sign-confusionThe Dream and the Realization

I started a limited consulting service recently. I only do two sessions a week, and I don’t schedule anyone who I don’t think is a good fit. This decision comes from my own healthy paranoia that I want to make sure I can really provide good value to someone who pays me.

As I was talking with Sike the other day (just like “Mike”, but with an ‘s’) I realized that my motivation for doing this was to help people avoid getting stuck between the dream and the realization. Sike is a very motivated young guy (just 23 years old) who is worried about doing what everyone expects him to do next year when he finishes college. His parents have one idea about his future and he has a completely different one. It sounds like he’ll be just fine.

After talking with Sike, I went out to have drinks with Dave and Breanne, AONC readers and new friends who happen to live in my Seattle neighborhood. They talked about their own choices and how their perspective had shifted over the past year. Dave was on track to be a CFO in corporate America when they decided to quit their jobs and travel through Latin America for six months. Coming back to the States recently for an indefinite time, Breanne said they felt conflicted over returning to “the American dream” after having learned so much more about the world.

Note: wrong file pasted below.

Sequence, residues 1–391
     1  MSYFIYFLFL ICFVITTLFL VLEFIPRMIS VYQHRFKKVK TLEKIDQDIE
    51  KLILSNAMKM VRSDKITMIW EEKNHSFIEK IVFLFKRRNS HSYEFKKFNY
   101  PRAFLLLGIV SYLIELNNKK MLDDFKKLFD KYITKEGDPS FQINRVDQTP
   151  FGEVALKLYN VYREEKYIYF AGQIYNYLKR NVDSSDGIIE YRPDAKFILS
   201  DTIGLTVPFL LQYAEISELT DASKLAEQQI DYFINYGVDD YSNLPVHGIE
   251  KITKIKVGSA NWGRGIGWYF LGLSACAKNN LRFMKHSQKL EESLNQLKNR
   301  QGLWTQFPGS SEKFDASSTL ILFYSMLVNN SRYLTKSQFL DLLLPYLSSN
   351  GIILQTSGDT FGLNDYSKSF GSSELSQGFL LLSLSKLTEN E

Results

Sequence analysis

I told them the same thing I told Sike: it’s probably a good sign that you’re concerned about that. When you feel no tension over living an unremarkably average life, that’s when you should worry.

As I said, turning your dream into a goal is not necessarily difficult, but you will need to make some hard choices at some point.

Back to Your Place

If you played along and selected a place (it’s not too late), you’re going to need to make an effort to keep it in your mind over the next three years or however long it takes you to get there. Your goal doesn’t need to be constantly in focus, but it needs to at least be in your peripheral vision.

By the way, you don’t owe it to me or anyone else to do this. You do, however, owe it to yourself.

OK?

Many will dream. A few will go.

Which group are you in?

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Your One Place

Here’s a fun game to play: think about one place in the world that you’d like to visit someday. You don’t have to make a long list, just think of one single place.

Even including people who don’t travel that much, most of us can think of somewhere we’d like to see before we die.